Millennials Continue to Drive the Texas Housing Market

Millennials do things differently. And as the largest living adult generation, their choices are reshaping many industries. Low-interest rates are driving many of them to purchase their first home and their unique choices are impacting the housing market.

I spoke with Jennifer Keller, a land development expert and long-time partner of our firm, to discuss how the choices of millennials are expected to reshape the Texas housing market for years to come.


More Millennials are Expected to Buy Homes

Though rates are rising they are still below pre-pandemic levels and continue to be a key catalyst behind the millennial homebuying surge. As the largest age bracket among the generation starts to reach their 30s and major life milestones, Jennifer believes more and more of them are expected to purchase a home – despite the rising rates.

“35% of millennials are looking to buy in the next few years,” Jennifer said. “Many home builders are seeing a high demand for first-time buyers and young families looking for more space.”

Technology is also playing a central role in the home buying process. From digital listing sites to virtual tours, technology has made browsing the housing market more accessible than ever. This trend has not gone unnoticed. In fact, Jennifer noted that digital realty platform HAR saw a 60% increase in buyer research at one point.

“Technology in the home buying process is here to stay,” Jennifer said. “I think you will see even more of it as more millennials begin searching for homes.”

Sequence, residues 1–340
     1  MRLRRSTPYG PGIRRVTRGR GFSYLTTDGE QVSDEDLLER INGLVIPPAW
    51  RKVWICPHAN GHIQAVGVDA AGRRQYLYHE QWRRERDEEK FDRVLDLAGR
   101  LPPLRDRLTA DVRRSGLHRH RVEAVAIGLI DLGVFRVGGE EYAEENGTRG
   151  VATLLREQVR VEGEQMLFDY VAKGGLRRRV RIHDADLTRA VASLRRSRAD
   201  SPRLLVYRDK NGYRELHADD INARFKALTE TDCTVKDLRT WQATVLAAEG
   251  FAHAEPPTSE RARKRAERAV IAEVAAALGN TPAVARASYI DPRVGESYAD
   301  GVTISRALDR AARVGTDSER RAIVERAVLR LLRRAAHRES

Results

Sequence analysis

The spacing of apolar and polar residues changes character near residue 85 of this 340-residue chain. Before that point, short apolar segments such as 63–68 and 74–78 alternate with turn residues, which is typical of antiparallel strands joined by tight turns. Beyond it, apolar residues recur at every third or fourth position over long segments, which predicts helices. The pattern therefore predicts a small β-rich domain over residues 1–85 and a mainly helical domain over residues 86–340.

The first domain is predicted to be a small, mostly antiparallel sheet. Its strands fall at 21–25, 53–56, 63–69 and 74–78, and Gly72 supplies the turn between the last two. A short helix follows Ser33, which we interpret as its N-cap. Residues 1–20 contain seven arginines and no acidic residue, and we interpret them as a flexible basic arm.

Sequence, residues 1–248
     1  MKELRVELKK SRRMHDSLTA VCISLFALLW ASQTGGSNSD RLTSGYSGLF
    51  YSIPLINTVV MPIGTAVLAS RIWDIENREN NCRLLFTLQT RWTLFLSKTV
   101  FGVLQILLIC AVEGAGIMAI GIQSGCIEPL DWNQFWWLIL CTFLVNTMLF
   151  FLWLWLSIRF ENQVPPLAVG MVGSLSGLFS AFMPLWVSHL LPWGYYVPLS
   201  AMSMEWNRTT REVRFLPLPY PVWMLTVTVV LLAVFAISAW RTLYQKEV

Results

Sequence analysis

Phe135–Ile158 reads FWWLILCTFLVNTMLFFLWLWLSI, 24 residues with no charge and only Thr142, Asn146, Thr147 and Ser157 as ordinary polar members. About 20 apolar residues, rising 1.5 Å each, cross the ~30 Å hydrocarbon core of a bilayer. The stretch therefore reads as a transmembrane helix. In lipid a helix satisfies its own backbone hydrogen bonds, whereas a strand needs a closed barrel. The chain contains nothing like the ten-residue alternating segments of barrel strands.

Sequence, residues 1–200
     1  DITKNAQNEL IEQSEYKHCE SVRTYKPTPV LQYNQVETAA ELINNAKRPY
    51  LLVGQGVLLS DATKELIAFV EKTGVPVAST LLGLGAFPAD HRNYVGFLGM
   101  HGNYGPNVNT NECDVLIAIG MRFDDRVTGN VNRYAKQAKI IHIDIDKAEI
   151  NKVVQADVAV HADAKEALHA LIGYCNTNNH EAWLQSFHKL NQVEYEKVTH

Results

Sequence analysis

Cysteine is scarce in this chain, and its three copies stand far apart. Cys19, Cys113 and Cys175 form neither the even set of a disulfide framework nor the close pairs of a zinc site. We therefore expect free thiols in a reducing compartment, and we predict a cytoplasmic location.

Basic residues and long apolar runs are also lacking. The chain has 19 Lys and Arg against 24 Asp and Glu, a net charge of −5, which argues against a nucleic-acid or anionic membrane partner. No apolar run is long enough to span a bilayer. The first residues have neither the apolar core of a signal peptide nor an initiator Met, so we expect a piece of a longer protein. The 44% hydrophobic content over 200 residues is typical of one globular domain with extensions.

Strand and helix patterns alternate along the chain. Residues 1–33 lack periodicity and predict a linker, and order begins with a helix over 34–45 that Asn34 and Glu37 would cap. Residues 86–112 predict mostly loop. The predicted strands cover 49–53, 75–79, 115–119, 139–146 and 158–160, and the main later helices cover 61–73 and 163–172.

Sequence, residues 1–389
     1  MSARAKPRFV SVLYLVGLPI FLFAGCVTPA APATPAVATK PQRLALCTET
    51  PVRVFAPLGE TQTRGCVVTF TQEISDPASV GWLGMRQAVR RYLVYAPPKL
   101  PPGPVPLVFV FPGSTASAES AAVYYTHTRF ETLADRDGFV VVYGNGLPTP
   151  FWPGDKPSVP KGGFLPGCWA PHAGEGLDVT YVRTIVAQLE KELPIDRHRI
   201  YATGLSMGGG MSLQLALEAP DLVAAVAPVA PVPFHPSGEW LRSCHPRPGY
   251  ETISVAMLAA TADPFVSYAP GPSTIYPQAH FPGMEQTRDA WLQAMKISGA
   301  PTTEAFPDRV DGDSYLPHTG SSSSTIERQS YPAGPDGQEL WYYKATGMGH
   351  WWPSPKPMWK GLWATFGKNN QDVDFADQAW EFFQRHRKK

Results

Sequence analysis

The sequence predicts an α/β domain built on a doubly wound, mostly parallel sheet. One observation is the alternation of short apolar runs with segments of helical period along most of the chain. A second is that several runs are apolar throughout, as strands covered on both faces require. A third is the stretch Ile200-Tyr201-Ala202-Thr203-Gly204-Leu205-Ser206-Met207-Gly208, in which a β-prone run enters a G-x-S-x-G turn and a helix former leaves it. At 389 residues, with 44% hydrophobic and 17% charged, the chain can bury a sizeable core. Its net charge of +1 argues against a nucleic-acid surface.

The City or Suburbs?

The migration of millennials to urban downtowns was one of the most discussed trends of the 2010s. The generation prefers walkable, amenity-rich, transit-oriented communities. As a result, many downtown developers were quick to create multi-family housing that catered to this connected lifestyle – causing an urban redevelopment boom.

But as millennials grow older, many of them are leaving the urban lifestyle for suburban living. According to data from the Wall Street Journal, cities with more than half a million people lost around 30,000 millennials to greener, more affordable suburban areas. Jennifer has also seen an uptick in this trend due to the pandemic.

“The previous stay-at-home order gave millennials time to reevaluate their living situations,” Jennifer said. “Now, we are seeing many from this generation looking for space and other options typically offered in the suburban environment.”


Be sure to check out our podcast, Texas By Design, for more insight into the current and future trends in Texas’ single-family housing market. We sit down with some of the industry’s leading minds to discuss news and events impacting our industry. You can watch all our episodes on YouTube, or listen on all major podcast platforms.


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